The alleged drug was invented by Max Reynolds, a retired Australian scientist from Griffith University, using the concentrate of Melaleuca alternifolia, also known as tea tree, a shrub native to Australia.
The drug reportedly has antiviral characteristics and is said to cure all four strains of dengue.
The claims have reached Kenya this month, with The Star reporting that “Local medics have welcomed development of a drug that can completely cure dengue fever” (16 December).
But doctors and scientists in Australia doubt the drug’s reported ability to cure dengue.
Cameron Webb, scientist and clinical lecturer at Marie Bashir Institute of Infectious Diseases and Biosecurity, University of Sydney, says results of the trials have not been published yet and Reynolds’ report on his new drug is not in any peer-reviewed journals and, therefore, could not be validated.
“It is impossible to make a judgement on the effectiveness of any drug, or the manner in which clinical trials were undertaken, without seeing the work — ideally through publication in an internationally recognised peer-reviewed publication,” Webb tells SciDev.Net.
Reynolds says he conducted the first stage of his clinical trial on animals in University of Gajah Mada, Yogyakarta, in 2006. The reported success of the trial led to a second stage, where Reynolds says he administered the drug to a group of healthy humans at the University of Indonesia. He then approached the research division of Indonesia’s Ministry of Health to get their permission in conducting the third stage of the trial, where he applied the drug to 504 people with dengue fever in hospitals and government’s clinic in Indonesia.
Siswanto, head of the Centre for Applied Health Technology and Epidemiology Clinic in Indonesia’s Ministry of Health, says his office is supportive of Reynolds’ invention because Indonesia has a large prevalence of dengue — about 10,000 cases each year — so it is interested in research on a cure for the disease.
Reynolds’ company Neumedix, which funded all the clinical trials, has applied for an approval from Indonesia’s National Agency for Food and Drugs Control (BPOM) to manufacture the drug. If the company gets a licence, it plans to release the drug in tablet form to the local market sometime in 2014 at US$50 per bottle.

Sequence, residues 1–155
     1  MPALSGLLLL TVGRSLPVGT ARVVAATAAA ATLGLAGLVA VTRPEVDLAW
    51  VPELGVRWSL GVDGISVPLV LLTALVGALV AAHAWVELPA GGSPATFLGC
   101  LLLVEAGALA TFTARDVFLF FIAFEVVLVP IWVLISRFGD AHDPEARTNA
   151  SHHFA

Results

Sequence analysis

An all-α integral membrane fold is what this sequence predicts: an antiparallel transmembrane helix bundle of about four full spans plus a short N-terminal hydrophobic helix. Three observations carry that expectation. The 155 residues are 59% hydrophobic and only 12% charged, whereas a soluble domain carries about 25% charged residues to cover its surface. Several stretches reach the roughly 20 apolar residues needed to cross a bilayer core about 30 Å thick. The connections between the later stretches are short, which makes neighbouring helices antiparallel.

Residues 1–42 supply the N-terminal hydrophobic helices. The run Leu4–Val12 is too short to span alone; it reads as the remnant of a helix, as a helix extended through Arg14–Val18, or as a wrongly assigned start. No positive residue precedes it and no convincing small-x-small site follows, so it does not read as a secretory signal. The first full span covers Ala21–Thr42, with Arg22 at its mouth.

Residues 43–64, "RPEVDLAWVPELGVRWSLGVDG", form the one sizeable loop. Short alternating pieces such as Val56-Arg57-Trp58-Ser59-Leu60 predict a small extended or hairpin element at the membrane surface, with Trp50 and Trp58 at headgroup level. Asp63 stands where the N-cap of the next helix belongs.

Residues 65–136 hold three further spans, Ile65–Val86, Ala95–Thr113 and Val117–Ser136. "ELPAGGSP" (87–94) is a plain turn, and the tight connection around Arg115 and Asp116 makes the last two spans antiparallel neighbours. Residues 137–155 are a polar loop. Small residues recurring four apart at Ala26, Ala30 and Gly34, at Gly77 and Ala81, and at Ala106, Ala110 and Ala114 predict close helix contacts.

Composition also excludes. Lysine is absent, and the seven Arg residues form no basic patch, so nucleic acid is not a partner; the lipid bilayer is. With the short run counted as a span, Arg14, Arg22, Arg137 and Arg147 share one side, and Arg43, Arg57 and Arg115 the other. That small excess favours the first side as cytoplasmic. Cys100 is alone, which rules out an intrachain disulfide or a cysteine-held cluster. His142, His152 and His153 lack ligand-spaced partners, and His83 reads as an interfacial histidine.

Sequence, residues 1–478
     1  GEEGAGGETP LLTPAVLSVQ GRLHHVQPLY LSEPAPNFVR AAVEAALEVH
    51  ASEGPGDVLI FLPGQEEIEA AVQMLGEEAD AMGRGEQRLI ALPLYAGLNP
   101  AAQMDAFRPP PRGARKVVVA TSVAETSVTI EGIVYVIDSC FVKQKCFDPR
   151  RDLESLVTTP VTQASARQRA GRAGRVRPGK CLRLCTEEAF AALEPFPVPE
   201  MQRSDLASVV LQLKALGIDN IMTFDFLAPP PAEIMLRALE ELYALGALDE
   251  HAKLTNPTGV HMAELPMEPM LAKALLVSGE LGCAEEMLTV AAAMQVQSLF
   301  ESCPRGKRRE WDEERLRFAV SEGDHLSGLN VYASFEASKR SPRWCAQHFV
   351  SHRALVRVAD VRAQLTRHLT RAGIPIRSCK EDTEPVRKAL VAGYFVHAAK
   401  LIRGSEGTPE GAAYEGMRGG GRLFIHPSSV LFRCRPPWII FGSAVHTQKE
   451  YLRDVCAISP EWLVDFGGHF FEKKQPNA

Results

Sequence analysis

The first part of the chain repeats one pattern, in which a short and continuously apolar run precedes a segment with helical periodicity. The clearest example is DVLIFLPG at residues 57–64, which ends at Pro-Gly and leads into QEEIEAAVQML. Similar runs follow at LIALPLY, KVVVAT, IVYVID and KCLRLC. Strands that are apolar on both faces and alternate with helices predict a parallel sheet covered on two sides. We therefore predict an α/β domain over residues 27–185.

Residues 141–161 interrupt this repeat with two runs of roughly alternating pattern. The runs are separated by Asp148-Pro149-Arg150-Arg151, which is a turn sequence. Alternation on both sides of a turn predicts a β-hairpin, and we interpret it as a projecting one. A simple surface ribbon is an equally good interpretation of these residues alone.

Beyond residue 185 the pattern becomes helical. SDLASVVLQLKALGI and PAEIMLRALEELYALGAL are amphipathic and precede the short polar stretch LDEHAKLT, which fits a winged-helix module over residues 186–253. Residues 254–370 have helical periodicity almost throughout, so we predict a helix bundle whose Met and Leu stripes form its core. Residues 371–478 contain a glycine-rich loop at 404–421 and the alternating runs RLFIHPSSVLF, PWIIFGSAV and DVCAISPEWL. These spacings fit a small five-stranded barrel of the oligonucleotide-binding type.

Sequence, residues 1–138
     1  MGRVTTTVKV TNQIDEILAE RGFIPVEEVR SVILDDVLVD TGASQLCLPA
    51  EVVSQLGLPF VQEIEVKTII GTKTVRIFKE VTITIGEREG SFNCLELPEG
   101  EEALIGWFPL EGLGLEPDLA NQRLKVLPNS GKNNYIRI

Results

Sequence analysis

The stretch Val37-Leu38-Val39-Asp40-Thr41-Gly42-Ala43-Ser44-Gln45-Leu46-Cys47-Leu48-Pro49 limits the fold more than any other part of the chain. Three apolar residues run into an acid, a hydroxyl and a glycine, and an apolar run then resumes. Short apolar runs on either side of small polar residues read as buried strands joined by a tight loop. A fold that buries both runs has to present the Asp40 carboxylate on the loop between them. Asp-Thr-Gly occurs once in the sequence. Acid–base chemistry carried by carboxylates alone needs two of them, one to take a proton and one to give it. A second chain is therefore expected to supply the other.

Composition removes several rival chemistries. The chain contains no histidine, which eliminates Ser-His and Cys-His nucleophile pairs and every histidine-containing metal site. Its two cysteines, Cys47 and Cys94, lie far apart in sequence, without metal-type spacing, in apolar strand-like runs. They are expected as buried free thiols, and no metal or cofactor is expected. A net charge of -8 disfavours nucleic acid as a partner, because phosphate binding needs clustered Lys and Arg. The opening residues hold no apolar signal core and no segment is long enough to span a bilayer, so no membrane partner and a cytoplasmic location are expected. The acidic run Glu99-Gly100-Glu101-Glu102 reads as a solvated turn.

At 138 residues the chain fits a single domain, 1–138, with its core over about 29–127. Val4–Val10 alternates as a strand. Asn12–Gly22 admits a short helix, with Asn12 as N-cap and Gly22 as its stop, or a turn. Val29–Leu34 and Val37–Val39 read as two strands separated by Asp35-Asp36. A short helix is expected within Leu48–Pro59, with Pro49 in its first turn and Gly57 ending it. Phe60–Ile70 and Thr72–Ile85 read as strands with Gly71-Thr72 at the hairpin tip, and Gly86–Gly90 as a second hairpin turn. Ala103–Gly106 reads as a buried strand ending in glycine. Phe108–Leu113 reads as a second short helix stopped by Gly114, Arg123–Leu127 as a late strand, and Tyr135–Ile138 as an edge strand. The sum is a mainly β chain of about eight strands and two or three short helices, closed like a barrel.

“It is impossible to make a judgement on the effectiveness of any drug, or the manner in which clinical trials were undertaken, without seeing the work.”
Cameron Webb, Marie Bashir Institute of Infectious Diseases and Biosecurity
But Webb criticised the definition of “success” in the clinical trials that Reynolds and the Indonesian scientists’ claim.
“What was the measure of success in the treatment of human cases?” he asks, adding that it is not clear what claims about decrease in viral load mean in “relation to human disease unless full details of the result are made available and can be reviewed”.
Steven Donohue, a physician from Queensland Public Health, told ABC Radio Australia (28 September) that he would not recommend anyone use the drug.
“All they have done is show that the well-known antiseptic properties of tea tree are able to kill dengue and other viruses in a test tube which we already knew,” he said.
Tarik Jasarevic, WHO’s media relations officer, tells SciDev.Net: “We haven’t seen research from the clinical trials so we cannot comment on the effectiveness of the product.”
Jasaveric adds: “It is not our practice to comment on new medical products before it is approved by a national regulatory agency.”
Both Siswanto and Nasronudin, head of the Institute of Tropical Diseases at the University of Airlangga, say they are not aware of the criticisms against Reynolds’ drug and defend their research collaboration with Reynolds.
“Our task as scientists is to do research. It is up to the public whether they want to accept the result of our research or not,” Nasronudin asserts.
This article has been produced by SciDev.Net's South-East Asia & Pacific desk.